She immediately calls into question her own credibility when, in naming universal principles she has learned in her life, says that "authority is relative." Obviously she has not read Romans 13:, "whoever resists authority opposes what God has appointed, and those who oppose it will bring judgment upon themselves." But I digress...

What she is really concerned about is the fact that the average age of her publication's readership continues to rise. Take it away Rita:
The average age of an NCR reader is about 68. This average has been on a continual rise since the late ’60s, when the average age was about 36. During Vatican II, most of our readers would have been in their mid-20s to mid-30s, formative adult years.
So, if I get this right, in just under forty years, the average age of their reader ship has grown by 32 years. It seems to me that they found an audience that was locked in time. The ideas they promote do not give life but are only progressing towards death.

She then draws the line in the sand saying,
there’s a new battleground taking shape. It’s hardly life-giving for anyone, regardless of where one falls on the political spectrum. Many Catholics, particularly the young, have left quietly in search of something more meaningful.
Well, maybe it is a battleground and this is sad indeed. We should be moving toward the future as one united Church that, amidst the differing ideas, doesn't describe their differences as "battle ground." And I don't mean to address those words to Rita Larivee, I have heard plenty of "conservative" catholics speak with the same tone. This so-called "battleground" does not bring forth life, as she said, but only causes more division.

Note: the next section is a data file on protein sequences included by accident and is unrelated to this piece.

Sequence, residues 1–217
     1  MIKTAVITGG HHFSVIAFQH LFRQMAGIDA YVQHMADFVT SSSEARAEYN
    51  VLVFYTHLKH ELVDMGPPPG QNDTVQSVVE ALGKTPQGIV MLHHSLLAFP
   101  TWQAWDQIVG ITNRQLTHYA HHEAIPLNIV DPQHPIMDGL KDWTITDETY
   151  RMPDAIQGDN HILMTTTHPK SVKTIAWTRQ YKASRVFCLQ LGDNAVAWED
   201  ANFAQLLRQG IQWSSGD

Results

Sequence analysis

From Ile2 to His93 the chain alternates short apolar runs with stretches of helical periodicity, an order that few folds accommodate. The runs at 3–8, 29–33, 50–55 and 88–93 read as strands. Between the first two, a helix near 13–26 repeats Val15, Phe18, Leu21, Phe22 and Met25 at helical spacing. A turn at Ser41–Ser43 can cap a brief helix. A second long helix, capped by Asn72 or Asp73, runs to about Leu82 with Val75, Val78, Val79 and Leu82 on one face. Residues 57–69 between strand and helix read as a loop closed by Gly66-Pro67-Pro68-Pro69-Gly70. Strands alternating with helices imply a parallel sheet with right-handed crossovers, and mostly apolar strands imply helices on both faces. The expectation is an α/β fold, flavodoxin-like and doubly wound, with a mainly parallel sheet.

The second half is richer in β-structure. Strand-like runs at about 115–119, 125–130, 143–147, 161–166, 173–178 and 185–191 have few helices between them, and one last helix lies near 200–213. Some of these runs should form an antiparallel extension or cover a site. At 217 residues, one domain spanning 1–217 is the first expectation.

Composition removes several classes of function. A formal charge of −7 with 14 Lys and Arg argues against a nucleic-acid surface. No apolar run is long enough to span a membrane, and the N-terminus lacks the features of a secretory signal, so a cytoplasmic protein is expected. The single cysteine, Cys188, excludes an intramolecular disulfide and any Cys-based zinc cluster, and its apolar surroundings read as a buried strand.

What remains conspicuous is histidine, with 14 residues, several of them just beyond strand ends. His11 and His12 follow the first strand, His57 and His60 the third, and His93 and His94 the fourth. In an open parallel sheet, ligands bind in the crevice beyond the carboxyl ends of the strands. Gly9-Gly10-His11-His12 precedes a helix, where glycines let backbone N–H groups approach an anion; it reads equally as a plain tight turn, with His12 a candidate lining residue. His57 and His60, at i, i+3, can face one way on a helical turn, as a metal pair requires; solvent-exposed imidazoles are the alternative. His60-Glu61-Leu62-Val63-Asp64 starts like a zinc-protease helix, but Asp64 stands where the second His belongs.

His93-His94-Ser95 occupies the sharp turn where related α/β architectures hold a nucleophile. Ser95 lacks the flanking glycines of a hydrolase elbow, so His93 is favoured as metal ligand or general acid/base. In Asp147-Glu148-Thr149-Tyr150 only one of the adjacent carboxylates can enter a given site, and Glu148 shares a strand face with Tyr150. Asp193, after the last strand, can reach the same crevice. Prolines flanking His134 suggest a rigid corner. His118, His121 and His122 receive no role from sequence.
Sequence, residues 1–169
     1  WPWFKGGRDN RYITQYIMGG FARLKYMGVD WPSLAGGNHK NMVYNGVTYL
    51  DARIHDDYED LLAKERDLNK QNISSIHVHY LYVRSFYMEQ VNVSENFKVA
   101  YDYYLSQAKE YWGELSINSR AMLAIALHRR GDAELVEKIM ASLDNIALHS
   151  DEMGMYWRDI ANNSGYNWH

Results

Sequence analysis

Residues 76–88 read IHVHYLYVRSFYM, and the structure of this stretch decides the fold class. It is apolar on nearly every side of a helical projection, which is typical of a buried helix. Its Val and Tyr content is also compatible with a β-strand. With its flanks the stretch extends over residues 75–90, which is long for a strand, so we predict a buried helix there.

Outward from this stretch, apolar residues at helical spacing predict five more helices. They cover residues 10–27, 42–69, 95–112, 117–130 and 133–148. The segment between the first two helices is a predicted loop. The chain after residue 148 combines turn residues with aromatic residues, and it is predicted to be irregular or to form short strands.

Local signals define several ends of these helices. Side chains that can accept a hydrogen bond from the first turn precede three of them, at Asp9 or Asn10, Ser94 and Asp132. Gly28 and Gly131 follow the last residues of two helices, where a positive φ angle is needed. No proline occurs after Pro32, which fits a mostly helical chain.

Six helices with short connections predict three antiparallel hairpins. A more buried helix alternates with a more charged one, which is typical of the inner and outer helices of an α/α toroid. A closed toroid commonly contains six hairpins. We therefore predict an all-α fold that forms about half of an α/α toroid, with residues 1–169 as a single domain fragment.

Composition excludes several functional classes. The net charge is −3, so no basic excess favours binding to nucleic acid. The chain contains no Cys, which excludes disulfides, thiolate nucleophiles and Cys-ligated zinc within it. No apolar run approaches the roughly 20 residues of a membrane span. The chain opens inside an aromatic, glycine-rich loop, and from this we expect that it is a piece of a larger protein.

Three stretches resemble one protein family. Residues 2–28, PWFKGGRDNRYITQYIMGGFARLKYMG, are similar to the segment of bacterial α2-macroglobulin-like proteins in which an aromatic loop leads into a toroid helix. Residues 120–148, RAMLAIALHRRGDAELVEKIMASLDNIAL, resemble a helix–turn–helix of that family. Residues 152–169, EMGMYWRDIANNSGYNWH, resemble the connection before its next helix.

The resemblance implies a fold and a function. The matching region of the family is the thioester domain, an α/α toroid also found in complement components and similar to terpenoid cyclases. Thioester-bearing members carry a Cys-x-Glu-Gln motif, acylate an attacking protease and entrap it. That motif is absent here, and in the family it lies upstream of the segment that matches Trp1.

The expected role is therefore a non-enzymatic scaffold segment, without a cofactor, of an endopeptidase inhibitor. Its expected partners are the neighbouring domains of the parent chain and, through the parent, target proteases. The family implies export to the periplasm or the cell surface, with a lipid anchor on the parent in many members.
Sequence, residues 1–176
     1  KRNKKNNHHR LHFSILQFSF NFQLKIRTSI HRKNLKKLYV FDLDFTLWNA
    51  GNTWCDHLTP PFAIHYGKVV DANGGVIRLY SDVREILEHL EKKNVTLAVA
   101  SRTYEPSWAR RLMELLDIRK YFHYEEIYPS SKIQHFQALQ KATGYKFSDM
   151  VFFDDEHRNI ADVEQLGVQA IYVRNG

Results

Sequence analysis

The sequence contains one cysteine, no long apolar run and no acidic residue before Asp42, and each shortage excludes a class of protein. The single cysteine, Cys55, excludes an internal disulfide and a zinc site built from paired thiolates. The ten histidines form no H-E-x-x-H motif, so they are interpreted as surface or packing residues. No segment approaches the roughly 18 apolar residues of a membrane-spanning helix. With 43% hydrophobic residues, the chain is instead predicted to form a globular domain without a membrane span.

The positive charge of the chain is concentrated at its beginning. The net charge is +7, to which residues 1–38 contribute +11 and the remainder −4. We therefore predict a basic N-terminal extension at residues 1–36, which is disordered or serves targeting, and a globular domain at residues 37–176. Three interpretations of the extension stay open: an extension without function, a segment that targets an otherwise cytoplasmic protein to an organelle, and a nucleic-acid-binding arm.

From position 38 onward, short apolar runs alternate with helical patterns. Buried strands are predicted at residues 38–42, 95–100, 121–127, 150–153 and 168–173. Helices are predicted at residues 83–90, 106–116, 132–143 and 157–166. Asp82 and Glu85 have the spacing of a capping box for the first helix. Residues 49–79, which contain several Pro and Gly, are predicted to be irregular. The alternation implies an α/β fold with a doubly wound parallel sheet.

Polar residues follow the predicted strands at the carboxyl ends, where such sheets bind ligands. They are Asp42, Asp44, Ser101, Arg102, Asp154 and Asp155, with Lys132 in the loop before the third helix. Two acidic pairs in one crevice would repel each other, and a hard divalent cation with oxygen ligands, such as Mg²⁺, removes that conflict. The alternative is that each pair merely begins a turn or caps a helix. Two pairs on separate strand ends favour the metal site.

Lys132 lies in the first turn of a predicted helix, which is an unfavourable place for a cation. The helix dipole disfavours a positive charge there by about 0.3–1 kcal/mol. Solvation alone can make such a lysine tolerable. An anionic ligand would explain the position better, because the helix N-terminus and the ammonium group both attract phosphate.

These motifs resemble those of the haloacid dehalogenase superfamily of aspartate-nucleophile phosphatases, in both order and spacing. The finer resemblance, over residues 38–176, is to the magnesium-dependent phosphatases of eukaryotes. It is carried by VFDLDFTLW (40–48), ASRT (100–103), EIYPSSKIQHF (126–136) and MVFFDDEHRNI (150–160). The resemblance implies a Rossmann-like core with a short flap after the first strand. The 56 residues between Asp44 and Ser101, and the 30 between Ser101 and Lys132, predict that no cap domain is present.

However, one should look at the two sides of what she calls the "polarized" church. One, seemingly the reader of her publication, is getting older and losing a presence, while the other, represented by the World Youth Day crowd, is growing and finding its voice.

The young Church is listening to the advice of Paul to the Thessalonians "Test everything, hold fast to what is good." To say that one needs to throw off the Church before the Council is just as wrong as saying one should throw off the Church post Vatican II. This is not what the Council envisioned. It worked for a renewal through resourcement and aggiornamento. (The new and the old.) Those who seek to embrace both are living in the true "Spirit of Vatican II" not the ambiguous spirit that is always referred to when someone is advocating their agenda.

The Church of Vatican II is the Church of Jesus Christ. It is the Church of the Apostles, the Fathers, and the Martyrs. It is the same Church as Ephesus and Nicaea, Constantinople, and Trent. It is also the Church of Mother Theresa and John Paul II. It is a Church in a New Springtime and a New Evangelization. It is a young Church, it is a vibrant Church. It is a Church that must learn from her elders and her past (including the sixties and seventies) and must be open to the Holy Spirit's guidance to the future. It is the Church that I am a member of, the Mystical Body of Christ

1 comment:

Antonia said...

Hello there!
On the topic of World Youth Day, I'm collecting some feedback about the experience any participant might have in a survey here. Well, it's been more than a year, and largely informal. Do help me to fill it up when you have some few minutes to spare! Thanks & Pax :)